Students walking onto campus. (Photo courtesy of community.mitchell.edu)

by Molly Croce

NEWBURGHCommuter students, students who do not live in university-owned housing, make up 86 percent of college and university students, according to the U.S. Department of Education.

This percentage includes students who live with their parents, part-time students, students who live in off-campus apartments, parents with children at home, and full-time workers.

Mount Saint Mary College (MSMC) commuters feel that there are many disadvantages to not living on campus.

Hunter Andrews, a commuter from Wallkill, drives 30 minutes one way to make it to MSMC each day.

“The drive is certainly a disadvantage depending on where you live,” said Andrews. “My morning commute can be filled with traffic, school buses, and other small issues that can add time to my travel.”

Kara Rogowski drives from Hopewell Junction each day. This drive requires her to cross the Newburgh-Beacon Bridge.

“My daily commute is stressful,” said Rogowski. “There has been roadwork on my route since I started attending MSMC last year. It is very frustrating when I am trying to get to class on time.”

The commute frustrates students when they need to meet with faculty or study groups.

Matt Lennon, a commuter from Montgomery, finds that coming back and forth from campus a few times a day can be annoying.

“If I want to meet with faculty, staff, or other students to study, I have to schedule a proper time to do so,” said Lennon. “I often find myself having to drive back and forth to campus which requires me to spend more money on gas.”

Due to the cost of travel to and from campus, many students have jobs outside of class.

“I am currently working two part time jobs to pay for my car and other living expenses,” stated Rogowski. “I believe that my assignments are compromised due to my lack of free time and this is hard because I know professors expect a lot out of students.”

A commuter’s amount of time spent on campus is much less than a resident.

“I usually just come to class and then leave when it’s finished,” said Lennon.

Due to this short period of time spent on campus, it is more difficult to create relationships with peers.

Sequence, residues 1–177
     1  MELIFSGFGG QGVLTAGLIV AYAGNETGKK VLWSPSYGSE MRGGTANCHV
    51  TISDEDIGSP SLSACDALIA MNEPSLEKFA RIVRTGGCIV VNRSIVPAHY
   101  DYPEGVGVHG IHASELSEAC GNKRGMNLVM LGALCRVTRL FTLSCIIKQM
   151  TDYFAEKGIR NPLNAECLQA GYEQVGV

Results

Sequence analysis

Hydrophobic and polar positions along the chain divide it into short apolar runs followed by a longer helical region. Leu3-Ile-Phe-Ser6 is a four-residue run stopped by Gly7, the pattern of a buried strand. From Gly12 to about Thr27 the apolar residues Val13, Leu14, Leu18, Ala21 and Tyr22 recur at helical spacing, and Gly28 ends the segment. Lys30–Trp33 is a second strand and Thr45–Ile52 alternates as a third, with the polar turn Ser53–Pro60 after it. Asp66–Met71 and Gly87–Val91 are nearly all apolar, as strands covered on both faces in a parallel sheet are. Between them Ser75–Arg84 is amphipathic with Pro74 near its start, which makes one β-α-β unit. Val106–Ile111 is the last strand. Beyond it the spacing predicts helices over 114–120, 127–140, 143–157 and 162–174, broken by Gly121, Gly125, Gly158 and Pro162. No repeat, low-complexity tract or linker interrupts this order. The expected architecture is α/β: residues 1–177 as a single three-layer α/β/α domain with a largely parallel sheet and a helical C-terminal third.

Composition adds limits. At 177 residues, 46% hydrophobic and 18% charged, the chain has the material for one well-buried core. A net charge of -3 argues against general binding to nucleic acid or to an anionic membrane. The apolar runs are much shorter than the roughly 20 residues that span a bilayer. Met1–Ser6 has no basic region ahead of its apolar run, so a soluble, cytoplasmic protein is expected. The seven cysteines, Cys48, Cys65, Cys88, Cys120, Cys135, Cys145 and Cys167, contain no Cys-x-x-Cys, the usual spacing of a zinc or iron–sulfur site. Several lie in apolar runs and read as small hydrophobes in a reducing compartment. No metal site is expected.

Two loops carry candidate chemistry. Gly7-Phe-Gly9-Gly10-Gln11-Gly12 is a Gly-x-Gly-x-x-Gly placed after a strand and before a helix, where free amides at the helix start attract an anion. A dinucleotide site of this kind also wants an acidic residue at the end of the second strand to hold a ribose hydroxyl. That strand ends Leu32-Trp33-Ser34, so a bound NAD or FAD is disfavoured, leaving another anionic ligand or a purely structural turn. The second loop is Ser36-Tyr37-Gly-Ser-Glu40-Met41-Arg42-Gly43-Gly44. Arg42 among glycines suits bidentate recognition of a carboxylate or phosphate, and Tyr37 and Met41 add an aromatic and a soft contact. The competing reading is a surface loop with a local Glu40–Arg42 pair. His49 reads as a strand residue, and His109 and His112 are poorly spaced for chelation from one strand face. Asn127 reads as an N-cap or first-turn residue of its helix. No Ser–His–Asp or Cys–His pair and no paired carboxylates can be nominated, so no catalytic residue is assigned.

“MSMC is a small school, so most residents know other residents,” said Rogowski. “Also, I didn’t start here as a freshman and I find it very difficult to meet people who are open to meeting other people they aren’t already close with.”

Inclement weather can also have an impact on a student’s decision to travel to class.

“Inclement weather always makes me hesitant when considering making my drive to class,” said Rogowski. “Driving on the highway and seeing cars in the ditch on my way to and from class when it’s snowing is unsettling.”

Rogowski feel that there should be an option for commuters who choose to not come into class due to weather.

“There should be a video conference type of way to interact in the lecture when class isn’t cancelled,” she said. “I only say this so that I, along with my professors, don’t have to risk our lives trying to get to class.”

Some students also feel that the school should take commuter students into more consideration when closing the school due to severe weather.

“I remember taking a night class and the professor told us to come to class on this one particular night at our own risk,” said Andrews. “I decided to stay home since it was snowing and sleeting. I also feel that the school could close more often due to severe weather, which leaves the risky decision to go up to the students.”